Fred McGriff, impressive career, just not high enough given the talent and limitations I have to wade through. I promise to give him a deeper dive going forward.
Larry Walker: You, sir, could hit and field. I hope you stay on the ballot so we can put you to the microscope because I’m willing to discount home/away factors. Like Pete Rose (banned!) once said about his philosophy on hitting: “See the ball, hit the ball.” I won’t penalize Walker just as I wouldn’t penalize Babe Ruth from benefitting from the short porch.
PED stuff alert… (holds breath)… I don’t like this stuff any more than you, from a purist point of view and with great fear of sounding too old or pontificating, it’s hard as a father of young boys to teach that cheating is bad when it gets rewarded. That said, I did not discriminate the PED crowd from those who were seemingly “clean” because I/you/we/they will never really know the full, complete truth, so that’s my decision. Not to mention, we have no real starting point of the “Steroid Era”, but we do know that some were using steroids in the ’60′s and ’70′s (at least, thanks to Tom House’s honesty) and we also know greenies were widely used for decades, reportedly by guys like Hank Aaron. The conclusions you draw are yours and yours alone.
Sammy Sosa, an tremendous talent and ohmygod fun to watch in the late 1990′s, did not make my ballot. To me, too one-dimensional. One hell of a dimension, but in this crowded ballot, he’s not getting one of my precious slots. Sorry, Sammy. Peace, tap, kiss.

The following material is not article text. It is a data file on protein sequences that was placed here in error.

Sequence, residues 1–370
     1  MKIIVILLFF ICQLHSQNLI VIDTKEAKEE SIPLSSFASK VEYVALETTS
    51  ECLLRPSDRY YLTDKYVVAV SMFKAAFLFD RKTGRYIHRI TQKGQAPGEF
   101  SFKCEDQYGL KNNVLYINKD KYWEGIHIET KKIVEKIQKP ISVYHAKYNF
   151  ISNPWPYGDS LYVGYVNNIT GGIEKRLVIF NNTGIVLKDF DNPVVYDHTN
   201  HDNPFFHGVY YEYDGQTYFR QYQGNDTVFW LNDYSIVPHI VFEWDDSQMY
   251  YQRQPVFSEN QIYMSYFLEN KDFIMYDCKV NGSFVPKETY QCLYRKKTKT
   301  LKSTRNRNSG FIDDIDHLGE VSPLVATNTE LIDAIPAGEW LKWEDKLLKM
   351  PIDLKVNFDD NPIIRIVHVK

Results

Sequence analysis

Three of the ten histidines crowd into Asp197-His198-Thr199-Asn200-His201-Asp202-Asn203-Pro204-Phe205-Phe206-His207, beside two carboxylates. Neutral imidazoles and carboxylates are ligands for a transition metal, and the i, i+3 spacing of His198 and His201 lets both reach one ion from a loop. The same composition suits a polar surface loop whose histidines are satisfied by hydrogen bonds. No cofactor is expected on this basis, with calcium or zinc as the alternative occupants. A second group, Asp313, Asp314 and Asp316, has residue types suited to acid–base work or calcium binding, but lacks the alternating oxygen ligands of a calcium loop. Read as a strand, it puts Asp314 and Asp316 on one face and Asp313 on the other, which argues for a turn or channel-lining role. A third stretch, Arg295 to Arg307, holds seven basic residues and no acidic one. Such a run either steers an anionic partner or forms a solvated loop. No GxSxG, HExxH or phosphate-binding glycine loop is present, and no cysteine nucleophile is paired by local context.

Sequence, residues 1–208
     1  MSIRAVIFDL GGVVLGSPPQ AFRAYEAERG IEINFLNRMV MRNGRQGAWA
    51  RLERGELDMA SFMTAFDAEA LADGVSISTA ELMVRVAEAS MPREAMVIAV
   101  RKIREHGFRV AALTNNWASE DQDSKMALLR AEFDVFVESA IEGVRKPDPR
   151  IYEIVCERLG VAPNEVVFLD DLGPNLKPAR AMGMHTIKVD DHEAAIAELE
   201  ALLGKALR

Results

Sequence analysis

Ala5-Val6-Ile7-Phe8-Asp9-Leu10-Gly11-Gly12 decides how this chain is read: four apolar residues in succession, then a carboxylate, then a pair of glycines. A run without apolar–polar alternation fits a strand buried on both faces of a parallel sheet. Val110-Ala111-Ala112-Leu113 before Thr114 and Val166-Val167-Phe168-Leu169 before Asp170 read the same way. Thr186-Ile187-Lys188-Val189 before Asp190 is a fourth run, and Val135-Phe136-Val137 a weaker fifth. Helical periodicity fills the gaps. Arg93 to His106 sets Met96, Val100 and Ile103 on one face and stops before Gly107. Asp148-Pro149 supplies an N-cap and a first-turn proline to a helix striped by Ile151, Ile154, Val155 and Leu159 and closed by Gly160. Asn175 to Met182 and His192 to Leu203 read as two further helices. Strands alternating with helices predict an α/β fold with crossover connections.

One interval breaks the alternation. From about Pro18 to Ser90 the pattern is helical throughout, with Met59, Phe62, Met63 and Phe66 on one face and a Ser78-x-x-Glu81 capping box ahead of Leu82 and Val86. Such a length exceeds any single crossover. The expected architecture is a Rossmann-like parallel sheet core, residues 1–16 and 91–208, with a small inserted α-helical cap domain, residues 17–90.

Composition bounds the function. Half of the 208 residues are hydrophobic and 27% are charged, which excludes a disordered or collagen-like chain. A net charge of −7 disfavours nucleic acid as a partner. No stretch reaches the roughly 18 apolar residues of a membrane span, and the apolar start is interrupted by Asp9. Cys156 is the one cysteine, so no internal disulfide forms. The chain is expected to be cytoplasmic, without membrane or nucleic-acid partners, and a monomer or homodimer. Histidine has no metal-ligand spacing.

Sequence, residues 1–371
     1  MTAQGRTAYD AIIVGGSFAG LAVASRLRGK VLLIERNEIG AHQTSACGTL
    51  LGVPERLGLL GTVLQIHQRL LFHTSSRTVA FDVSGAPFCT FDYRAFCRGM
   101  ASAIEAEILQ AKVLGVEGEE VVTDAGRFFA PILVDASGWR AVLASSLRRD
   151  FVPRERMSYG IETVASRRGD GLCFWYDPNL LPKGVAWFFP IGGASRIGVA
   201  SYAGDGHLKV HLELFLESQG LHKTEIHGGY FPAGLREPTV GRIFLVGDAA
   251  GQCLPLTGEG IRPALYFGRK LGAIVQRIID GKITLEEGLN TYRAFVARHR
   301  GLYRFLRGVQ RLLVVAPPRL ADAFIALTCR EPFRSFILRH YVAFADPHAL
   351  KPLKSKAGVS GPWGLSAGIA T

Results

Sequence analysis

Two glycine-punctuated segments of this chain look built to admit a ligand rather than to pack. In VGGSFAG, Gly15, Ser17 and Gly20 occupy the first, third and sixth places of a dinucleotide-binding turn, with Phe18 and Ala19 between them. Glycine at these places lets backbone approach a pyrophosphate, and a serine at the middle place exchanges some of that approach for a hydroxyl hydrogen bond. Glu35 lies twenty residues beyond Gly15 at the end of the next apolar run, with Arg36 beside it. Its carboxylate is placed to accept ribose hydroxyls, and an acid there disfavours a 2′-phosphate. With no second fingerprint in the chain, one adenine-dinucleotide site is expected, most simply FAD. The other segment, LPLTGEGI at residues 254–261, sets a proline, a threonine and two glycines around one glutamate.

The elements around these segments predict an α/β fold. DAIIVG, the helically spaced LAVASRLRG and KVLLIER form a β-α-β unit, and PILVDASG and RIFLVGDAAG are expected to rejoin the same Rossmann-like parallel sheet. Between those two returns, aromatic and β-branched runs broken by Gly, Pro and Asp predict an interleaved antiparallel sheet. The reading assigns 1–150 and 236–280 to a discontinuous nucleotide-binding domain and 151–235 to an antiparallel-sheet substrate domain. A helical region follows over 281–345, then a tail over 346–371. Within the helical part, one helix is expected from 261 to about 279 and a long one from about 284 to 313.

Rafael Palmeiro was a tough call for me but ultimately did not make my ballot. My reason, and I will admit that I will be reconsidering this one down the road: He got caught and suspended. Everyone else here did not get caught and suspended or penalized. Maybe due to luck or timing or both, but this was the deciding factor. This will be revisited by me next year and beyond, especially once guys like Manny Ramirez, Ryan Braun and Alex Rodriguez hit the ballot. Shoot, this ain’t easy. But on a ballot this packed, something had to make the seesaw tip.
Onto my selections, in alphabetical order:
- Jeff Bagwell
- Craig Biggio
- Barry Bonds
- Roger Clemens
- Tom Glavine
- Barry Larkin (eligible for IBWAA purposes)
- Greg Maddux
- Mark McGwire
- Tim Raines
- Frank Thomas
Effectively, Larkin occupies what would have been my Mike Piazza vote (due to the differences with regard to BBWAA vs. IBWAA). I’m not going to run through my rationale on all ten of these gentlemen because so many others more capable than I have summarized their candidacies. I will make mention of McGwire, as he was my 10th place guy here. Like Sosa in his one-dimensionality, but even bigger and better. Did he use PEDs? Of course, he’s admitted as much but he gets the slight nod over Raffy.
So there you have it, my HOF ballot. Get at me in the comments.